Child of the Soil

Trip Start Jun 12, 2011
Trip End Oct 22, 2012

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Sunday, August 26, 2012

We arrived in Arequipa early and the nice people at our hostel, Wayra River, let us have some dorm beds to sleep on until our room was ready. Its another colonial city, but Arequipa is surrounded by beautiful snowcapped volcanoes.  It is known as the 'Ciudad Blanco' or white city not only as in colonial times only those with white faces were allowed in the city centre but also due to the white volcanic stone used to construct the buildings.  We visited the main churches around the square but unfortunately we missed the monastery which later found out to be the main event, hey ho. 

After a delicious menu del dia we visited the Museo Santuarios Andinos where they keep several of the frozen bodies of Inca children that have been found amid the mountains in Peru.  The children were sacrificed by the Inca’s to appease the volcanoes.  One of the bodies is on display in a glass freezer.  She is estimated to be 13years old when she died 550 years ago and has been called Juanita after the archaeologist who found her.  The Incas were different to their predecesers in that the children they sacrificed were usually Royal, of pure blood.  The children would have been raised for this purpose from birth, it sounds brutal to our generation but would have been seen as a great honor in the time of the Incas.  The Incas were not unique in the sacrifice of children to the gods.

 What is amazing is the altitudes that these sacrificial circular burials have been found considering the relative primitive ways of these Indian people, in particular the lack of hiking equipment for hiking such immense mountains.  Juanita was found at the summit of Mount Ampato near Arequipa which is over 6000 metres above sea level.  In Inca times the neighbouring volcano was active and so the summit of Ampato would have been accessible.  Since then the surrounding volcano lay dormant and so Ampato’s peak was covered in snow and ice preserving Juanita, and the other children that were subsequently found on the mountain, including the clothes and blankets surrounding them and the offerings buried with them.  Many of these offerings and textiles are on display in the museum alongside Juanita herself.  As part of the ceremony the children were given a ceremonial drink known as Chicha.  This intoxicating drink together with the coca leaves chewed to help with altitude sickness would ease the whole process, so they say.  When the children were killed, by a blow to the head from a mace, they would have been too intoxicated to suffer too much pain.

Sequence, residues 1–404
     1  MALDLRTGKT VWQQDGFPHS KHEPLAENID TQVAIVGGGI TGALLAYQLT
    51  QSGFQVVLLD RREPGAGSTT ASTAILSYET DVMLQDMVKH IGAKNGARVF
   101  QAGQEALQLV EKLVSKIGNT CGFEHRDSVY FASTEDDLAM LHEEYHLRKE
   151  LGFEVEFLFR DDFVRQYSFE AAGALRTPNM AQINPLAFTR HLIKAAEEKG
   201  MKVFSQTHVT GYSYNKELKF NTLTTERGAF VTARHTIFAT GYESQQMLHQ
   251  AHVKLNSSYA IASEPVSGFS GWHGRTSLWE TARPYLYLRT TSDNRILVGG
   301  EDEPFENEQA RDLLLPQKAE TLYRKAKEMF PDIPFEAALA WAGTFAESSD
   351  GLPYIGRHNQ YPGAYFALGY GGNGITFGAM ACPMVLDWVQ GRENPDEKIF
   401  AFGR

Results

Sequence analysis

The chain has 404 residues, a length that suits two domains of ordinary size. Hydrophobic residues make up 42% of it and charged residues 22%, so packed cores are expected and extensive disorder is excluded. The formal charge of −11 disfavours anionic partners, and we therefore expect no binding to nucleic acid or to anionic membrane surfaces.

The next day we headed off into the mountains, past Mount Ampato to Chivay, in the Colca Valley.  Scared my knees would cause me problems again we decided against the trek down into the Colca Canyon, the deepest canyon in the world and so settled for exploring the higher areas around the canyon and looking down into its abyss.  The whole area is stunning, with snow capped mountains, the blue Colca River running through the valley and the surrounding hills scarred with agricultural terraces from Inca and pre-Inca times, dotted with llamas, alpacas and other livestock.  On the way there we drove through a National Reserve where vicuņa’s roam wild.  The vicuņa is Peru’s national animal and their wool is said to be some of the best in the world, it wants to be, at $800 / kilo. 

After a short walk to see the colcas, inka storage jars carved into the canyon walls, we took a soak in the local hot springs.  In the evening we sampled alpaca (not sure we would eat it again but not too bad), drank a hot toddy made of Pisco, oranges, cinamon, lime and coca leaves and were treated to some traditional dancing and of course panpipe music.  Will got picked to join in which was quite entertaining. 

An early start the next day (5am) and off to Cruz del Condor to watch the beautiful, huge Condor birds soar through the air.  With the mountain background and the Canyon below it was truely breathtaking.... or was that the altitude and lack of oxygen!
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